One ticket costs 120,000 VND, and allows access to five of the 21 attractions which include: a) Three communal houses; b) Four museums; c) Five old houses; d) Three assembly halls; e) The handicraft workshop and traditional music concert; and f) Either the Japanese Bridge or the Quan Cong Temple.
You can hire a guide at the ticket office for 70,000 VND, which is certainly worthwhile if you want a better understanding of the places you choose to see. During the evening of the full moon festivities, you can visit most of the above without buying a ticket. If you wanted to see everything, you'd have to buy four tickets and it would take about three days. We know — that's what we did. We found, for the culturally inclined, that there's an embarrassment of riches on offer in Hoi An -- some of which are, sadly, not so much riches but just plain embarrassing.
So, here's the lowdown on the hits and misses on the Hoi An culture tour.
None of Hoi An's museums are real stand outs. It's hard to say which is the top pick — a lot depends on your taste.
The Museum of History and Culture of Hoi An is a low point. There's an old cannon, some cannon balls and a piece of rotten wood that used to be the stern of a trading vessel. There are several 2,000 year old pots from the Sa Huynh period, but if that tickles your fancy, the Sa Huynh Culture Museum is a better bet. There's also a case full of ninth century bricks and tiles from the Champa period that reminded us of a display at a hardware store. Some black and white photos of Hoi An taken in the early 20th century are fun to compare with the streets as they are today. It's actually attached to the Quan Cong Temple, another lowlight, but you can sneak in and visit without getting the museum portion of your ticket punched.
The purpose of the dusty, poorly-lit Museum of Trade Ceramics is twofold. First, to show that Vietnamese ceramics made their way everywhere from Egypt to Japan, as proven by archaeological digs on several continents. Second, it's to show that ceramics from China and Japan have also turned up in archaeological digs in Vietnam. It's of historical interest since it provides a chronicle of the trade routes that have developed in the region since the 1300s. What one finds on display are, however, for the most part shards. Helpful legends in English, French and Vietnamese reveal where the shards were found and what period they date from. A few more recent pieces are largely intact — they look very much like the blue-and-white china patterns you see duplicated everywhere, but these are the originals. So this is a great stop for archaeologists, historians, and people who go nuts over anything people used to eat off 500 years ago.
The Museum of Sa Huynh Culture and the Museum of the Revolution packs a one-two punch — an odd juxtaposition of the oldest and newest points on the Vietnamese timeline. The Sa Huynh culture displays focus mostly on pottery that dates back to first and second centuries — impressively old, and many pieces have been reassembled and tastefully displayed. There are also some burial urns that are small enough to fuel speculation that the Sa Huynh were very teeny, tiny people. It's a well-lit, well-maintained, and popular stop, just a stone's throw from the Japanese Bridge. And if the old pots don't do it for you, the Museum of the Revolution is upstairs. The first room is pretty boring and inconsequential — some old war currency, a lot of pictures of war heroes, with few legends in English. But to the back some armaments from “the war with America” are on display: grenade launchers, machine guns, AK 47s, a Colt 45 used by a Vietnamese officer, and even one of the notorious Claymore mines with the words, “This Side Forward” written on it.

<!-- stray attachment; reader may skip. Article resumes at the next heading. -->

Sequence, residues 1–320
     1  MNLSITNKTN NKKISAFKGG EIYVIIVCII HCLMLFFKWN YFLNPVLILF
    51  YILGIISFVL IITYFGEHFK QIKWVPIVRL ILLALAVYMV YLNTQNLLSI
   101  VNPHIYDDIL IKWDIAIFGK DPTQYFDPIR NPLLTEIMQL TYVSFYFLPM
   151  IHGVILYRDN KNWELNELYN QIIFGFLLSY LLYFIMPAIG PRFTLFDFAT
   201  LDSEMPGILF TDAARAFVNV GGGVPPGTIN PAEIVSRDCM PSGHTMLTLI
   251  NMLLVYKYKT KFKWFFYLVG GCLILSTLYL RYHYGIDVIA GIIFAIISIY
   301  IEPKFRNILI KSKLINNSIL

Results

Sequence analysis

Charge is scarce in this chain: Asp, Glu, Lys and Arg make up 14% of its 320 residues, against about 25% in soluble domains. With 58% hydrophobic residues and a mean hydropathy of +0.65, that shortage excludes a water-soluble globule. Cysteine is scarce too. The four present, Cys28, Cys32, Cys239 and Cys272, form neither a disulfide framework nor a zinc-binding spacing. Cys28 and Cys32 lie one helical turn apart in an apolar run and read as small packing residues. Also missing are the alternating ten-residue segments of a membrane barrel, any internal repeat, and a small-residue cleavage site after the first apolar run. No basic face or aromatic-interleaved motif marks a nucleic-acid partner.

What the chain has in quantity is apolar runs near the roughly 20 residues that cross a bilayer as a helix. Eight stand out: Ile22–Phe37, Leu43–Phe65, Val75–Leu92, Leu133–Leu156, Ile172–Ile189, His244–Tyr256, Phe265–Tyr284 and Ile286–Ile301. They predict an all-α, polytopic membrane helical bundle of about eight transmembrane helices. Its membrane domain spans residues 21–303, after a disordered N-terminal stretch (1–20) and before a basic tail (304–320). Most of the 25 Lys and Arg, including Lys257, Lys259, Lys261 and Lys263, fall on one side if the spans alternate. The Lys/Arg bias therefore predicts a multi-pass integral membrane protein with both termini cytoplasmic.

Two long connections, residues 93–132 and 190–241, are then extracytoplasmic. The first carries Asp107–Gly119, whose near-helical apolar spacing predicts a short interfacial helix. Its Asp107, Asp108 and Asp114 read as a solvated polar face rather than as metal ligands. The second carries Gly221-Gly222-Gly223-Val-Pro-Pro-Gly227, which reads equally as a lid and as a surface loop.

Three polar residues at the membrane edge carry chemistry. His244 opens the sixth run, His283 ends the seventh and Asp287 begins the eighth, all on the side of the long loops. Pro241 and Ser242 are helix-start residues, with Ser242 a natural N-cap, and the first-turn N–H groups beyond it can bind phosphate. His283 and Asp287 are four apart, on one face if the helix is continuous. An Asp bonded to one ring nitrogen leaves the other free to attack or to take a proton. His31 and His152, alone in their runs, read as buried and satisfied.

The Museum of Folk Culture is notable for its eerie-looking plaster statues of Vietnamese peasants in various kinds of traditional garb, engaging in various peasantry undertakings. The point here is to document the physical culture of the people — wooden threshers, shovels, ploughs and so on. Of course, it all comes off a bit kitschy. But there is a good deal here to see, and if you're more interested in folk history than war history (or the history of broken pots), it's the best choice. If nothing else, the statues are sort of a hoot, though some of them may return to haunt you in the dark of night.
These houses were built by wealthy merchants a few hundred years ago, and used to double as shopfronts. The merchants' descendants still live there, but they've opened the doors to tourists (and, of course, tourist dollars). Unlike the museums, there is a hands down winner in this category — Tan Ky House. It's 200 years old, well-kept, and while, at the end of the day, it's just an old house, we received an excellent tour here. Our hostess spoke French and English, and she gave a very informative rap about the architectural styles incorporated into the design, the history of the family, and how they handle the frequent floods that inundate the first floor. Back in the kitchen are markers showing years when the water was particularly high — at one point it almost reached the second floor. It was just what we were looking for in an old house visit.